Subclinical hypothyroidism and the risk of metabolic syndrome: a meta-analysis of observational stud
Observational studies on the association between subclinical hypothyroidism (SCH) and metabolic syndrome (MetS) have produced inconsistent results. Therefore, we performed a meta-analysis to evaluate the effect of SCH on the risk of MetS.
Multiple databases were searched to identify studies on the association between SCH and the risk of MetS, up to February 2015. Relevant information for analysis was extracted. A random-effects model was used to calculate the pooled risk estimates.
9 studies (7 cross-sectional and 2 case-control studies) were included. The pooled odds ratio (OR) for MetS comparing SCH with euthyroid subjects was 1.31 (95%CI: 1.08 to 1.60, p = 0.006, I2 = 50%). Subgroup analyses by countries revealed a significant association for the studies from Asian (OR = 1.244, 95% CI: 1.030-1.503, I2 = 25%) other than non-Asian (OR = 1.548, 95% CI: 0.925-2.591, I2 = 73.5%) countries. A positive association was identified in the IDF subgroup (OR = 1.288, 95% CI: 1.055-1.572, I2 = 0%), but not in the NCEP-ATP III (OR = 1.351, 95% CI: 0.950-1.923, I2 = 66.4%), Chinese (OR = 1.430, 95% CI: 0.891-2.294) and Japanese (OR = 1.542, 95% CI: 0.594-4.005, I2 = 78.3%) subgroup. A certain degree of heterogeneity was observed among studies which cannot be explained by study design, diagnostic criteria and location.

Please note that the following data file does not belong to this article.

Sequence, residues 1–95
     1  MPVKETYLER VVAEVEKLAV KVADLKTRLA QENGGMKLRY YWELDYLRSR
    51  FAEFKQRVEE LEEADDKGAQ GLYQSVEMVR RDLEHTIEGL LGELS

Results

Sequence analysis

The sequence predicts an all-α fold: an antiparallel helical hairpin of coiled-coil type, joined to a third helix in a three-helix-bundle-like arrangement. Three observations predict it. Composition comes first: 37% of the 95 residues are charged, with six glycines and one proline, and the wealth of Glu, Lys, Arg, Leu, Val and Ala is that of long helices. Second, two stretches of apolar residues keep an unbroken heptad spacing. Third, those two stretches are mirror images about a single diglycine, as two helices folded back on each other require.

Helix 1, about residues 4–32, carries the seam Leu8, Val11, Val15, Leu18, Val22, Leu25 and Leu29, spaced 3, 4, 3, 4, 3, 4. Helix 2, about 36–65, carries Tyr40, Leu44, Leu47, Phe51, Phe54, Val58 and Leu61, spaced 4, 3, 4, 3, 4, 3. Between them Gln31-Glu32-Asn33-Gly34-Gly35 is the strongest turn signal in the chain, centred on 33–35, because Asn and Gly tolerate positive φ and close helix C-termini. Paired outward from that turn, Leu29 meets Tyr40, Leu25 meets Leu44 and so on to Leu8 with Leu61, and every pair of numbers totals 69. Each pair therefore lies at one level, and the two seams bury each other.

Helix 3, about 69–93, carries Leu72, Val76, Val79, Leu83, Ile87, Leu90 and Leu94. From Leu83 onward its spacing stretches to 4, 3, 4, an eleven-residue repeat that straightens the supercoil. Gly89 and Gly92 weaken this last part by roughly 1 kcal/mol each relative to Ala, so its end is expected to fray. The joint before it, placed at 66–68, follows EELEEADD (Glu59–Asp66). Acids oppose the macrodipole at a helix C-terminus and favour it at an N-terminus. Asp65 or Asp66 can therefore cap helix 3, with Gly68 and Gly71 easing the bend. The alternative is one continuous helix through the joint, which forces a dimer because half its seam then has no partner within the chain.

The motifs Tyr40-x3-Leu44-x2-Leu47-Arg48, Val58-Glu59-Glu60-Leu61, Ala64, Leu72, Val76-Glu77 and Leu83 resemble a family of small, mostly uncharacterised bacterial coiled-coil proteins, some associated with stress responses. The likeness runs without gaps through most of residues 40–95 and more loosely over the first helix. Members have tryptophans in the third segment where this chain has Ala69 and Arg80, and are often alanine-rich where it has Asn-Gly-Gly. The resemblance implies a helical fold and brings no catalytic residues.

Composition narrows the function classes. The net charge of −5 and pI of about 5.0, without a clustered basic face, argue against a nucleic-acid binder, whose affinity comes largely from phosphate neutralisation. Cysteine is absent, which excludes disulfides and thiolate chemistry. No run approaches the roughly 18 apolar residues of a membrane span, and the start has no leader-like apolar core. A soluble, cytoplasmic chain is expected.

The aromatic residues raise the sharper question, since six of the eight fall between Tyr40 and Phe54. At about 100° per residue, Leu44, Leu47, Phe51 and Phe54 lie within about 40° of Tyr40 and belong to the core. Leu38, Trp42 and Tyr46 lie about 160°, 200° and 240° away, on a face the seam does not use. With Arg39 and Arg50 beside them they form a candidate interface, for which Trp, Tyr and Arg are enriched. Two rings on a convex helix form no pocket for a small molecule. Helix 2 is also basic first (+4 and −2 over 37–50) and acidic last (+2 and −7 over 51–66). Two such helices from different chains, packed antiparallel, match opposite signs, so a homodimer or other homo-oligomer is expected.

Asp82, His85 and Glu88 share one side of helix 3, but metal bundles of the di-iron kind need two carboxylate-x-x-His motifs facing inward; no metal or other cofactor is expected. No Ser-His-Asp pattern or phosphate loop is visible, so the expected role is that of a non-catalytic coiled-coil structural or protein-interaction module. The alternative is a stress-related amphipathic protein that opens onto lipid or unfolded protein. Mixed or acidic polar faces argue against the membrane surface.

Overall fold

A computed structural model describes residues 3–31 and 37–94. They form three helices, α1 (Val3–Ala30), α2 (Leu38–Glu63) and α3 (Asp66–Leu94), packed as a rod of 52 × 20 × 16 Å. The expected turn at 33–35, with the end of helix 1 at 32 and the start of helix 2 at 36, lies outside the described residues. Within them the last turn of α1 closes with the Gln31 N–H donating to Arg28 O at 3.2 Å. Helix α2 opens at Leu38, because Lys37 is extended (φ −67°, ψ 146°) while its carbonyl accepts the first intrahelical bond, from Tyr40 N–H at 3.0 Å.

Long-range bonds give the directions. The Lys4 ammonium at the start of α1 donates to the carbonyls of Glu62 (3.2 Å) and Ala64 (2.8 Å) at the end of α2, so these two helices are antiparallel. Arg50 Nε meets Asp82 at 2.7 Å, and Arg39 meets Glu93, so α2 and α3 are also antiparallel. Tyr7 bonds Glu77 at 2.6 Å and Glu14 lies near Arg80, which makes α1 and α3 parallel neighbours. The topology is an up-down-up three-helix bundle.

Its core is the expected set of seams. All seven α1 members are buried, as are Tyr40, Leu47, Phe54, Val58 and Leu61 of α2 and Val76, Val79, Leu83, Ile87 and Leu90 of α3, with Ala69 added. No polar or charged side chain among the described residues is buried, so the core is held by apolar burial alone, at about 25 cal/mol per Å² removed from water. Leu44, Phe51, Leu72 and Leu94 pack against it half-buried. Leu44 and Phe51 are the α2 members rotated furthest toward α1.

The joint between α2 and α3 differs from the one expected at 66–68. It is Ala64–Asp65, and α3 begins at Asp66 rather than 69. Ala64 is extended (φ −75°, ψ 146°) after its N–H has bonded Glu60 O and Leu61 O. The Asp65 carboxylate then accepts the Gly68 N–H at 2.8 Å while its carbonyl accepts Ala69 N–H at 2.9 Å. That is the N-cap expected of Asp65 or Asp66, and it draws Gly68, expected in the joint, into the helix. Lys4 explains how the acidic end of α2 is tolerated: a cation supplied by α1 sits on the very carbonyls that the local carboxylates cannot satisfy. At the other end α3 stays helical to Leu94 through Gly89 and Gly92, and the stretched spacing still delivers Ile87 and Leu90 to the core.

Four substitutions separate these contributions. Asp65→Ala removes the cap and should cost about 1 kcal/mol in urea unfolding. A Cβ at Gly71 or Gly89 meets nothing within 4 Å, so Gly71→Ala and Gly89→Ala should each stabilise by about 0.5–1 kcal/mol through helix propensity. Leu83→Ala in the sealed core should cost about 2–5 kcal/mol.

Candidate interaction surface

Our results demonstrated that SCH was significantly associated with a higher risk of MetS. Well-designed cohort studies were warranted to confirm our findings.
meta-analysis; metabolic syndrome; subclinical hypothyroidism
Subclinical hypothyroidism and the risk of metabolic syndrome: a meta-analysis of observational studies.